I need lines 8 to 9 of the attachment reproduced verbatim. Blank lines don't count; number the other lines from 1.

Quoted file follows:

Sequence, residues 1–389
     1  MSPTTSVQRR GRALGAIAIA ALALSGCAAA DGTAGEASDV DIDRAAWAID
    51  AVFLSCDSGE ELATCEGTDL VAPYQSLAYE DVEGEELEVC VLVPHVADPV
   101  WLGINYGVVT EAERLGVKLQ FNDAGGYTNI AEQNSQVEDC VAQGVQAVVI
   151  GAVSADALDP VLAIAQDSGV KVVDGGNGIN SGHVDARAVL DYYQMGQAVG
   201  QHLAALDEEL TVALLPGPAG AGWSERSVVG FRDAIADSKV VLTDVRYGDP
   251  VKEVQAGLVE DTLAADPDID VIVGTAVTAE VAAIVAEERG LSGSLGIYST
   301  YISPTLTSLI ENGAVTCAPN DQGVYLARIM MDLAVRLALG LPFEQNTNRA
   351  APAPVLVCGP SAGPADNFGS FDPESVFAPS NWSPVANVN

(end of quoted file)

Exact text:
   301  YISPTLTSLI ENGAVTCAPN DQGVYLARIM MDLAVRLALG LPFEQNTNRA
   351  APAPVLVCGP SAGPADNFGS FDPESVFAPS NWSPVANVN